7. Ferdinand Magellan
  8. Louis Pasteur
  9. Charles Darwin
  10. Thomas Jefferson
  11. William Shakespeare
  12. Napoleon Bonaparte
  13. Adolf Hitler
  14. Zheng He
  15. Henry Ford
  16. Sigmund Freud
  17. Richard Arkwright
  18. Karl Marx
  19. Nicolaus Copernicus
  20. Orville and Wilbur Wright
  21. Albert Einstein
  22. Mohandas Gandhi
  23. Kublai Khan
  24. James Madison
  25. Simón Bolívar
  26. Mary Wollstonecraft
  27. Guglielmo Marconi
  28. Mao Zedong
  29. Vladimir Lenin
  30. Martin Luther King Jr.
  31. Alexander Graham Bell
  32. René Descartes
  33. Ludwig Van Beethoven
  34. Thomas Aquinas
  35. Abraham Lincoln
  36. Michelangelo
  37. Vasco Da Gama
  38. Suleyman the Magnificent
  39. Samuel F. B. Morse
  40. John Calvin
  41. Florence Nightingale
  42. Hernán Cortés
  43. Joseph Lister
  44. Ibn Battuta
  45. Zhu Xi
  46. Gregor Mendel
  47. John Locke
  48. Akbar
  49. Marco Polo
  50. Dante Alighieri

  1. John D. Rockefeller
  2. Jean Jacques Rousseau
  3. Niels Bohr
  4. Joan of Arc
  5. Frederick Douglass
  6. Louis XIV of France
  7. Nikola Tesla
  8. Immanuel Kant
  9. Fan Kuan
  10. Otto von Bismarck
  11. William the Conqueror
  12. Guido of Arezzo
  13. John Harrison
  14. Pope Innocent III
  15. Hiram Maxim
  16. Jane Addams
  17. Cao Xueqin
  18. Matteo Ricci
  19. Louis Armstrong
  20. Michael Faraday
  21. Ibn Sina
  22. Simone de Beauvoir
  23. Jalal al-Din Muhammad Rumi
  24. Adam Smith
  25. Marie Curie
  26. Andrea Palladio
  27. Peter the Great
  28. Pablo Picasso
  29. Louis Jacques Mande Daguerre
  30. Antoine Laurent Lavoisier
  31. Phineas Taylor Barnum
  32. Edwin Hubble
  33. Susan B. Anthony
  34. Raphael
  35. Helen Keller
  36. Hokusai
  37. Theodor Herzl
  38. Elizabeth I of England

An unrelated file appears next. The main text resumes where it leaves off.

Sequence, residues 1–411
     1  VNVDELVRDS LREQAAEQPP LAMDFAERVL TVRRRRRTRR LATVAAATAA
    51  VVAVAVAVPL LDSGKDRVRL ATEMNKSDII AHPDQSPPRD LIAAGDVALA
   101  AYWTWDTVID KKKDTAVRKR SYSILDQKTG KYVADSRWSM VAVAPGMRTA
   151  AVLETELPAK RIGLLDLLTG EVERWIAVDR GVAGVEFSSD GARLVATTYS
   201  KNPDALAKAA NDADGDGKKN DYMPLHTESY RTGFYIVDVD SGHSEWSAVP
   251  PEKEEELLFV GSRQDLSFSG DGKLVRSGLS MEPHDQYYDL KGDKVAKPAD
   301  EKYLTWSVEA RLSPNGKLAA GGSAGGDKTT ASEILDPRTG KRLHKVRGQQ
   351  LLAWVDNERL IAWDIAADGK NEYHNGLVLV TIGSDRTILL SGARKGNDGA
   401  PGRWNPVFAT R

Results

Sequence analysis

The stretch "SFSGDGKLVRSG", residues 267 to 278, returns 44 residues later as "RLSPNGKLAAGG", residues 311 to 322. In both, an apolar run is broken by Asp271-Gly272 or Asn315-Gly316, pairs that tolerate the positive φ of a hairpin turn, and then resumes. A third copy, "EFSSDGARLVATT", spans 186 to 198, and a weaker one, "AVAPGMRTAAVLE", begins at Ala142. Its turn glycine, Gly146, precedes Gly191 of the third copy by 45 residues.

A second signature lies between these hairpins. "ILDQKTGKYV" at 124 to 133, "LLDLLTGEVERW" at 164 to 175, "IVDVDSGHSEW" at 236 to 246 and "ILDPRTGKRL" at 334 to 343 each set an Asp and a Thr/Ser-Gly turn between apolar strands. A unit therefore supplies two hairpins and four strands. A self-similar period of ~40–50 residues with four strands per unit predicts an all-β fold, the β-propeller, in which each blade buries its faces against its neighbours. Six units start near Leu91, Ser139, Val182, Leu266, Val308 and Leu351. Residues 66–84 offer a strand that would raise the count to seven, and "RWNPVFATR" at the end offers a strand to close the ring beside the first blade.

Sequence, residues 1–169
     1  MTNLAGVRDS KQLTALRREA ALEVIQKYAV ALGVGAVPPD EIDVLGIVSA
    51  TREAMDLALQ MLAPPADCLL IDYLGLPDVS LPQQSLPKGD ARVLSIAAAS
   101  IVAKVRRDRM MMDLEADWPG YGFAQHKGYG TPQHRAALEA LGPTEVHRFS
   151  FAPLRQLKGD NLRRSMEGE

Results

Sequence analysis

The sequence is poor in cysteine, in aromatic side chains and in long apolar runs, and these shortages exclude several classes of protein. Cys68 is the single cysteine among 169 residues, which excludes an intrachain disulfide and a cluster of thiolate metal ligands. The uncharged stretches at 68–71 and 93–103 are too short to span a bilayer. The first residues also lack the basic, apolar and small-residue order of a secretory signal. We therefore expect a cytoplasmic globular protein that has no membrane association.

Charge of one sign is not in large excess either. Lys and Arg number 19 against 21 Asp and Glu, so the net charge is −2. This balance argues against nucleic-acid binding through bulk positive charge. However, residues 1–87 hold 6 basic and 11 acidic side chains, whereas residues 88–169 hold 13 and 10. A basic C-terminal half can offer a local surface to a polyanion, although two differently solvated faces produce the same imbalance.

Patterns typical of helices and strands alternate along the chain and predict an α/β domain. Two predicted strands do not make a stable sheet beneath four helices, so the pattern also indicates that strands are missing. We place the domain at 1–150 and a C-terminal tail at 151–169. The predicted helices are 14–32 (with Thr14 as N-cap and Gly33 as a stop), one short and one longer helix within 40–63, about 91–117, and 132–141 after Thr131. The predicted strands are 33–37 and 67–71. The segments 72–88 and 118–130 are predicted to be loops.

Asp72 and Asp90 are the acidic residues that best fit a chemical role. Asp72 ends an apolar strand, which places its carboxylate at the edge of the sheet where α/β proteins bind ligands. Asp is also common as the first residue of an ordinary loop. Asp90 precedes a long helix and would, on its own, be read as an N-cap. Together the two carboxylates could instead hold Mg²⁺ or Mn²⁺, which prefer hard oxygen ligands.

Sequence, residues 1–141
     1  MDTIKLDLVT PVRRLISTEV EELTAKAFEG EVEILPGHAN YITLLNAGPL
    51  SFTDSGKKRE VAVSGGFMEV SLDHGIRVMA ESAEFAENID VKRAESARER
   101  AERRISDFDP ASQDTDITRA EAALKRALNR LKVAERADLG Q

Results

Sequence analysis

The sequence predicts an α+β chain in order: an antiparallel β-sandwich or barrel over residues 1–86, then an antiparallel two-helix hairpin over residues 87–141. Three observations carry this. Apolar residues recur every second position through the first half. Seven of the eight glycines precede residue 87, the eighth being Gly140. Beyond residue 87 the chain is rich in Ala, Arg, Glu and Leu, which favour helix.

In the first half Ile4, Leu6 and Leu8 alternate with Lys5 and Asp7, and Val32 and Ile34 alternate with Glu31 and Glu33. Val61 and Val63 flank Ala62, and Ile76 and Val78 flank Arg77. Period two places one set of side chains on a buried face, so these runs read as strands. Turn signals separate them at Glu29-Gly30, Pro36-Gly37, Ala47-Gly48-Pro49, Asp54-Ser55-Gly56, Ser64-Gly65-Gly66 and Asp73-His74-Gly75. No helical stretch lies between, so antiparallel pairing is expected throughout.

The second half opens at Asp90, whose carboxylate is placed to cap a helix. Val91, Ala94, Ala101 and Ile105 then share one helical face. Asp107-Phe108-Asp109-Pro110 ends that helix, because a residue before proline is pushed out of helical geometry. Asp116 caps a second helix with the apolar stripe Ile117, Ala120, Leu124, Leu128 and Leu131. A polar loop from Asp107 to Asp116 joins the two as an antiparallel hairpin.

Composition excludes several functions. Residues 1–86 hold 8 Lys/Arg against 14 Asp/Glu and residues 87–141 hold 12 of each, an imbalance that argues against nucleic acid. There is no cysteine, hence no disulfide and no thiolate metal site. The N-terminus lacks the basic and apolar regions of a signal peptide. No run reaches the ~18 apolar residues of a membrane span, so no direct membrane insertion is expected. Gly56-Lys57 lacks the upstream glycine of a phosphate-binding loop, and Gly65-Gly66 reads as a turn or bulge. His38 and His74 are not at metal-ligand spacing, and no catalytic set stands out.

39. Claudio Monteverdi
  40. Walt Disney
  41. Nelson Mandela
  42. Roger Bannister
  43. Leo Tolstoy
  44. John Von Neumann
  45. Santiago Ramon y Cajal
  46. Jacques Cousteau
  47. Catherine de Medici
  48. Ibn Khaldun
  49. Kwame Nkrumah
  50. Carolus Linnaeus
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LifeFlapper1922.jpg
1922 cover, "The Flapper" by F. X. Leyendecker


This list, too, was sometimes criticized. Edison's number one ranking was challenged since there were others whose inventions (combustion engine, car, electricity-making machines, for example) which had greater impact than Edison's. The top 100 list was further criticised for mixing world-famous people, such as Newton and Einstein and Luther and da Vinci, with numerous Americans largely unknown outside of the United States.

Well-known employees

Life 1880s-1920s

The first "Life Magazine" was a weekly publication put out by the Life Publishing Company of Manhattan, New York City. It was known for its cartoons, pin up girl art, humorous pieces, and reviews of theater and cinema.

In 1908 Robert Ripley publishes his first cartoon in Life, Ripley in turn becomes first publisher of Charles Schulz, of Peanuts fame.

In 1918 Charles Dana Gibson became the magazine's president.